Printed from https://www.writing.com/main/view_item/item_id/1057876-The-Bartimaeus-Seven
Rated: 13+ · Fiction · Mystery · #1057876
A seven-part mystery written in first, second, and third person. (known as a symetrina)
The Bartimaeus Symmetrina

The Finding

I hold little faith in enchantments—put no stock in magic spells, charmed objects, for good or for evil. But I found this coin on Bartimaeus Street: it looked like it was made of lead—heavy, old, and tarnished as if it had been hand carved instead of minted from a form. On one side was an etching of an imp—long-faced, flattened nose—horns like a goat. On the other side of the coin, as though cut with a dull knife, it read, LUCK.

When I picked it up, it felt warm to the touch, as if it had been in a pocket for a time, or gripped tightly in someone’s palm. I rubbed at the lettering hoping that it might be made of some valuable metal, and then as I studied the coin curiously, I stepped out into the street.

A car slammed on its brakes and came screeching to a halt—its bumper barely tapping my knees. Stunned, I found myself gawking at the driver through the windshield. He was a businessman in a blue suit. He screamed profanities at me as he stuck his arm out of the side window and flipped me off.

I stumbled away from the car, and then realized there was nothing in my hand—I had dropped the coin. Desperately, I searched the road, zigzagging across the street toward the opposite side when a taxicab hit me from behind.

The Drunk

You are cold and hungry—your guts ache for another drink, yet your attempts at bumming money prove unsuccessful. Staggering along the sidewalk, your clothes stiff with filth and grime, you look down and see a coin in the gutter. Quickly you bend down and snatch it up, tightly gripping it in your oh-so-lucky hand. The coin feels heavy and itches in your palm, or maybe it is your craving for another drink. Ever so slowly, you open your hand to look at your prize. It is not like a regular coin, and as you rub away the dirt, the face of a horned man stares back at you.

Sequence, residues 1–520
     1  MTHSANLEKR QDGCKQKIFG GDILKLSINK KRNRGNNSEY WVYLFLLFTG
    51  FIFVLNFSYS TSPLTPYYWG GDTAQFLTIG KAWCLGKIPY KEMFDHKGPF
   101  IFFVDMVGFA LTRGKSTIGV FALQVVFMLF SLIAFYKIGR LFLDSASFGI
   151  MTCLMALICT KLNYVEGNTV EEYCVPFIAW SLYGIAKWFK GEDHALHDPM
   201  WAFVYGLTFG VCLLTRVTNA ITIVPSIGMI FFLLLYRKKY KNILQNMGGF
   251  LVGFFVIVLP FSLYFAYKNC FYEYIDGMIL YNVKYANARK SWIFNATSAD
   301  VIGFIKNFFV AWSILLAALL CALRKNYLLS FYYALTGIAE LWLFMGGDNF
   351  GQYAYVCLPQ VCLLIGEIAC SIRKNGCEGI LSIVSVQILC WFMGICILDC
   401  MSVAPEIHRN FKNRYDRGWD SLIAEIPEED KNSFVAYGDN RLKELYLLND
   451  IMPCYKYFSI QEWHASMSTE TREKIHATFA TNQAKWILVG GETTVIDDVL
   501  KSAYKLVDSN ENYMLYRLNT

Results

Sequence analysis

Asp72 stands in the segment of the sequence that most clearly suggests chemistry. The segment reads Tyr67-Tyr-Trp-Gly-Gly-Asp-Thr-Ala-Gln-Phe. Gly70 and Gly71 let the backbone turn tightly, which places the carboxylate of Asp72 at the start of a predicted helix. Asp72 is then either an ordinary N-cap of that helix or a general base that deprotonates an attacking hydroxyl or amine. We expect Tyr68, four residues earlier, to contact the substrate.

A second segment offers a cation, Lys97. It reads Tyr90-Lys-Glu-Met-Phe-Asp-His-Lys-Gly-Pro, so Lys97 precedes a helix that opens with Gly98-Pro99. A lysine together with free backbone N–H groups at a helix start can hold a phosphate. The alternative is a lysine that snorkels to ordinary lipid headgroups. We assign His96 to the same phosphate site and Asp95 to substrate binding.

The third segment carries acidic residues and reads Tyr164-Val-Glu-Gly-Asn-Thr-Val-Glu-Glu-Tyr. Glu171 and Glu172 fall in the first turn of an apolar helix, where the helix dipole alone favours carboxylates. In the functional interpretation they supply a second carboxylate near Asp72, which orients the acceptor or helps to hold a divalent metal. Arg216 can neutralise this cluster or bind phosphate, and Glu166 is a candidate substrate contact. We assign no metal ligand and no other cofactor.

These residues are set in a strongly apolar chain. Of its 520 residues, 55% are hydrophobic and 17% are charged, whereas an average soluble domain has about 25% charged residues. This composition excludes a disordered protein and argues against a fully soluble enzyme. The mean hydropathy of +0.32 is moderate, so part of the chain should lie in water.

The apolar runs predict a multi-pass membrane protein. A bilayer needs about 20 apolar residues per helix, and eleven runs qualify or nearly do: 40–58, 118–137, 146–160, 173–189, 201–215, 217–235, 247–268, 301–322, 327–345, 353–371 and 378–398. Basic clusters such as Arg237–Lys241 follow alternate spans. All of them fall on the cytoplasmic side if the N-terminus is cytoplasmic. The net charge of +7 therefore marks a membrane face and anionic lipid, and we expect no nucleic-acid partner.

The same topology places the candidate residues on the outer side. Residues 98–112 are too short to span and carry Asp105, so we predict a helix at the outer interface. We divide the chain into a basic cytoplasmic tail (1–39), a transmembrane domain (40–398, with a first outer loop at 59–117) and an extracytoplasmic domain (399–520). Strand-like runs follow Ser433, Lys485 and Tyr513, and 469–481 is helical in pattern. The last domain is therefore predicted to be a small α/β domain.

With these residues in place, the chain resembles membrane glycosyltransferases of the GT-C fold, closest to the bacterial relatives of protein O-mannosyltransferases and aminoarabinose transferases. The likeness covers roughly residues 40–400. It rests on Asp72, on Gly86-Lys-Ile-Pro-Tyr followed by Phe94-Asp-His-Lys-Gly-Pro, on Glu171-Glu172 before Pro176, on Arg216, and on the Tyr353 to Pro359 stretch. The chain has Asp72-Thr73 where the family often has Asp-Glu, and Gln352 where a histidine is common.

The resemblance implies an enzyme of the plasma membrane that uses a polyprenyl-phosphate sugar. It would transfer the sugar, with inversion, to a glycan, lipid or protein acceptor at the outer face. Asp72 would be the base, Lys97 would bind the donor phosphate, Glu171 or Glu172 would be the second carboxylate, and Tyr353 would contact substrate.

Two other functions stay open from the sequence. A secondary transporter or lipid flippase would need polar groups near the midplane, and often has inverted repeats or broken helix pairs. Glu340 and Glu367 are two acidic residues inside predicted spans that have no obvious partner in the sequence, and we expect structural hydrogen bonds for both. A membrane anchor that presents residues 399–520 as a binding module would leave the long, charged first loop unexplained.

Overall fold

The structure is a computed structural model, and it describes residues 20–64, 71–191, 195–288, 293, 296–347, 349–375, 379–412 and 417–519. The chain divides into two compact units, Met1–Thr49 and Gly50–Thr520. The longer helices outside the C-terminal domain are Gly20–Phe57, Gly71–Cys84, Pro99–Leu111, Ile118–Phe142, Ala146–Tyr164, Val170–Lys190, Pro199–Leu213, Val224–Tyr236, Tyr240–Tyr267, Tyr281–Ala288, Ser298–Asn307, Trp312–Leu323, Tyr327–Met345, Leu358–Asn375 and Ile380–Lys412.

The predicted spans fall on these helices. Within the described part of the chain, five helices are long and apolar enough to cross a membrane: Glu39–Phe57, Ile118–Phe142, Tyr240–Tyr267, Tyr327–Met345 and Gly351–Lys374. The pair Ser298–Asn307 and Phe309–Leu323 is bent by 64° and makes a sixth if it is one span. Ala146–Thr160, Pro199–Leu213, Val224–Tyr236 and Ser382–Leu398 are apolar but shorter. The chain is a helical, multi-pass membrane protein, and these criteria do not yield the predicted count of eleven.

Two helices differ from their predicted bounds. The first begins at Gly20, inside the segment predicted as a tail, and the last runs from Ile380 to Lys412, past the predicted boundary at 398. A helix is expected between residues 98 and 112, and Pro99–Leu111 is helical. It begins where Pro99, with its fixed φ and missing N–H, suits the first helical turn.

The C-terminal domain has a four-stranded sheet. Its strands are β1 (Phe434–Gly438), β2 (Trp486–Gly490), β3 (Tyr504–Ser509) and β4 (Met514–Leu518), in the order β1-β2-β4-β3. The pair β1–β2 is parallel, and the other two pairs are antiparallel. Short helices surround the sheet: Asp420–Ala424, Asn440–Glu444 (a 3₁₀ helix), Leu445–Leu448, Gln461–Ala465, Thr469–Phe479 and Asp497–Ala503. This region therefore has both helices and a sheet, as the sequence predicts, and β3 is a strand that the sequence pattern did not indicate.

Right in front of you is Lucky’s Coin Shop, you hurry inside and ask the man how much it is worth. The storekeeper studies the coin for a time, and then tells you he has never seen anything like it before—reluctantly, he offers you twenty dollars for it. You take the money, make your way to the liquor store and buy a bottle of Jack Daniels from a smiling clerk in a blue suit.

It is 9 AM and the first drink burns through your body like liquid fire. By 10 AM, you stumble out of the alleyway mumbling and drooling, your body shutting down from the overdose of toxins. You wobble through the crowd bumping into people who push you out of the way, and then you collapse, convulsing on the sidewalk like a baited worm.


Lucky Williams searched through his books of rare coins trying to find a match to the engravings on the odd token he held in his hand. In his twenty years of collecting, it was the strangest thing he had ever seen, and as he expected, his antiquated coin books showed nothing even remotely similar.

Giving up on the books, he grabbed his magnifying glass and meticulously scrutinized the coin again in the hopes that he would find a name or some small clue as to its original coinage.